The Louis G. and Shirley Hecht Collection

Louis G. Hecht, March 8, 1922 — March 8, 2014

Mr. Louis G. Hecht (March 8, 1922 - March 8, 2014) was a native of Baltimore, Maryland. He was also a fixture of Charm City’s swinging scene on the legendary Pennsylvania Avenue, where he became a well-known connoisseur of jazz at an early age. He collected an impressive number of recordings by jazz greats including Louis Armstrong, Fletcher Henderson, Chick Webb, and Billie Holiday. As one of the founders of the Baltimore Jazz Foundation, he helped support a pilot jazz education program with the goal of bringing jazz into schools across Maryland.

Mr. Hecht generously donated his voluminous collection to the museum. A small team of museum staff and interns began conducting an inventory of Mr. Hecht’s collection in 2008. For the next two years, he met with the team on a weekly basis to provide insight on the collection during their inventory process. He brought the music to life by sharing regular listening sessions and personal stories about many of the recordings and artists. Now a part of the Reginald F. Lewis Museum’s permanent collection, the Louis G. and Shirley Hecht Collection contains over 3,700 original 78 RPM and LP recordings ranging from the 1920s to 1960s along with books, journals, newspaper articles, photographs and other materials dating from 1937 to 2010 that document the music and artists that most captivated this lifelong collector.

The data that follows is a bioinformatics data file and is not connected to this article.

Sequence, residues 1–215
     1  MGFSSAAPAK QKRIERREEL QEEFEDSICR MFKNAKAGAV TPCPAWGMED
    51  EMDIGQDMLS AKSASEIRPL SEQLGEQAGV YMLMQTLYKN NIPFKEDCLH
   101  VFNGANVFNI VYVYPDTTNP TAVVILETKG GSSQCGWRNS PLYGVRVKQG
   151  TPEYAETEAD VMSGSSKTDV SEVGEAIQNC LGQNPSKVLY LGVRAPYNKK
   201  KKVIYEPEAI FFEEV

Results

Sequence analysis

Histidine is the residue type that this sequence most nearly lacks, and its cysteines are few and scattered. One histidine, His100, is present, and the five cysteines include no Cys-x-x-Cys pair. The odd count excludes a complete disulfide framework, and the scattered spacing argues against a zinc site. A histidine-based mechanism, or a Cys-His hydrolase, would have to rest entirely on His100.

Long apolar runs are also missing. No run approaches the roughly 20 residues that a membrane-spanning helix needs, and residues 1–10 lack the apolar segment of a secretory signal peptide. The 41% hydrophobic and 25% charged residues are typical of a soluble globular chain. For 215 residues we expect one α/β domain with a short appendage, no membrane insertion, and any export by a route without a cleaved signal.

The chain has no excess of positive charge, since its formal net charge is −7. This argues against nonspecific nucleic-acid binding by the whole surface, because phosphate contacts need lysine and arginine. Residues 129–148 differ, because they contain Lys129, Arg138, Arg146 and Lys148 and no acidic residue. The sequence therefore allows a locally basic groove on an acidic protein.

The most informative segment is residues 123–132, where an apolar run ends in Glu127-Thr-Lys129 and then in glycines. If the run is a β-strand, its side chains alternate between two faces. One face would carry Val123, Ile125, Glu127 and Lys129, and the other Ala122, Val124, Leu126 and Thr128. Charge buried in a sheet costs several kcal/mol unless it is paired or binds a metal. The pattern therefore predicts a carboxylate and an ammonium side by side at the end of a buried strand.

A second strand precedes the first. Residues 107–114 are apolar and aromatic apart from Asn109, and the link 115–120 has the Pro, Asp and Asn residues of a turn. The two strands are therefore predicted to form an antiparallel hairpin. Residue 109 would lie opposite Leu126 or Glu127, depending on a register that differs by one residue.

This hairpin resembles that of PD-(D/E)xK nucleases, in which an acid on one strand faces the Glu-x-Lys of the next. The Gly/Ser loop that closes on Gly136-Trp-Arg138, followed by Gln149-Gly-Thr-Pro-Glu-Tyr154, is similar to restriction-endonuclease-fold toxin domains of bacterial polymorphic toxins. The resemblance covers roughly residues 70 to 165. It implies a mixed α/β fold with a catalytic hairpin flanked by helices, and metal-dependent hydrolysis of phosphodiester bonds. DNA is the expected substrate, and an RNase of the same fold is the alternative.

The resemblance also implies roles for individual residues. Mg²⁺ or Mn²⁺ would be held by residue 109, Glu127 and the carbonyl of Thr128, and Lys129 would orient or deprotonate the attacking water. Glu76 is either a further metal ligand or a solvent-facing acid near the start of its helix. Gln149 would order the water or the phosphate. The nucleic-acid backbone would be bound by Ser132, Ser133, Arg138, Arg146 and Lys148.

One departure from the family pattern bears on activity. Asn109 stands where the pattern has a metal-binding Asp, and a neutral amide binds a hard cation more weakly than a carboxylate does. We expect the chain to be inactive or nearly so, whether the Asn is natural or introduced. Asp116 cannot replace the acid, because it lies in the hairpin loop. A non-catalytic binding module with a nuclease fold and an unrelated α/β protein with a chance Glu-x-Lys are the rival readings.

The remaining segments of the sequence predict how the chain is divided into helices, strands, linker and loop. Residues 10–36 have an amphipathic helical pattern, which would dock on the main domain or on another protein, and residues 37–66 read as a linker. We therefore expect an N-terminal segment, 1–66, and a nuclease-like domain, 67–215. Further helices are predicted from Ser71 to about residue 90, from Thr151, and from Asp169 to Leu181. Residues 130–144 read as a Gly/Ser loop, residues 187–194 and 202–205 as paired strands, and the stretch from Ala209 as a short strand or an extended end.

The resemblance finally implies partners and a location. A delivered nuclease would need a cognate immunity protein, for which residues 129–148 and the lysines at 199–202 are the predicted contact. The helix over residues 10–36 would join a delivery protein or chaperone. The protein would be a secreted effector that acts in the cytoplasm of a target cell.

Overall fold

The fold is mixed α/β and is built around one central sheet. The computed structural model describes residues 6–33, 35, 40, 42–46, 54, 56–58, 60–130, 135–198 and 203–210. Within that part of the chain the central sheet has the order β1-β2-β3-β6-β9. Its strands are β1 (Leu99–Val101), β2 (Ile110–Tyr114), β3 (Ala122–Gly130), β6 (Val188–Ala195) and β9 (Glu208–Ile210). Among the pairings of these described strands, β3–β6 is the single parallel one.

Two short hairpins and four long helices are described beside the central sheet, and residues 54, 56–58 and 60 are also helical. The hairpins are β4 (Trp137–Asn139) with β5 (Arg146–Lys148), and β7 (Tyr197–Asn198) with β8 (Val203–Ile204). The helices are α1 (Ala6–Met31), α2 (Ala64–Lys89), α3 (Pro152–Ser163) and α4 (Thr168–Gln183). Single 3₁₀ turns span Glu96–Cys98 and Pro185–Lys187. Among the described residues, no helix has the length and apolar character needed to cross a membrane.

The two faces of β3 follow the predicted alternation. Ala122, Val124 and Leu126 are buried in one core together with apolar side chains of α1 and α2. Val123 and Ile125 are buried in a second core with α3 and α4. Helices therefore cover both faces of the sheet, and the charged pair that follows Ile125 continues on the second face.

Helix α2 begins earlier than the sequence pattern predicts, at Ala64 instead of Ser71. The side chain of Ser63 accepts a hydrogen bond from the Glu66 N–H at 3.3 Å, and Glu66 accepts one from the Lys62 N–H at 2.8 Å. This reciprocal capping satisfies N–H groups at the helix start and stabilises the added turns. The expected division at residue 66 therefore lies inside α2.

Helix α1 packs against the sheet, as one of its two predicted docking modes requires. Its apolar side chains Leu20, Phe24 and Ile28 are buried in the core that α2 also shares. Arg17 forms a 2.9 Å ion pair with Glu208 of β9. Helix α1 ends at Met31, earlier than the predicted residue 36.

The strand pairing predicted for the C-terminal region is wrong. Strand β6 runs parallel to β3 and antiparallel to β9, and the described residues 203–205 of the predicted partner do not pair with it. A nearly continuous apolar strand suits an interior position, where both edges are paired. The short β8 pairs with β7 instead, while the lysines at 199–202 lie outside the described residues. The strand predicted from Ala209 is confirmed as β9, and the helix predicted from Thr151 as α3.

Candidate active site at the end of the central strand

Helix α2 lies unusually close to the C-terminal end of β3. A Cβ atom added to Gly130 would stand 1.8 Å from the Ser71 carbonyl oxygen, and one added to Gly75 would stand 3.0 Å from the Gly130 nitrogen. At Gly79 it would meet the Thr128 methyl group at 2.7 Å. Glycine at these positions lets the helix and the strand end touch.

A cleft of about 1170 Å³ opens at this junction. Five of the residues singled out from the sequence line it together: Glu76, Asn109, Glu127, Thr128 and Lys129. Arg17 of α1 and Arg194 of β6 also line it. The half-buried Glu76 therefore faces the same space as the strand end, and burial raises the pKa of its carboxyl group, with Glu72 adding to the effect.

The collection is available to the public through a listening station in the museum's Resource Center.

“I met Cab Calloway…and he started to take me down to the Royal Theater. Now I wasn’t collecting records then, but I was listening…I had three or four friends…and we came to listen, and we did indeed, and then we decided we wanted to buy some of this music…we were interested in the roots of it. We wanted to hear the early Louies and the early Dukes and the early Fletcher Henderson hits.”
- Louis G. Hecht, from transcript of 2004 Interview for Peabody Institute, Archives and Special Collections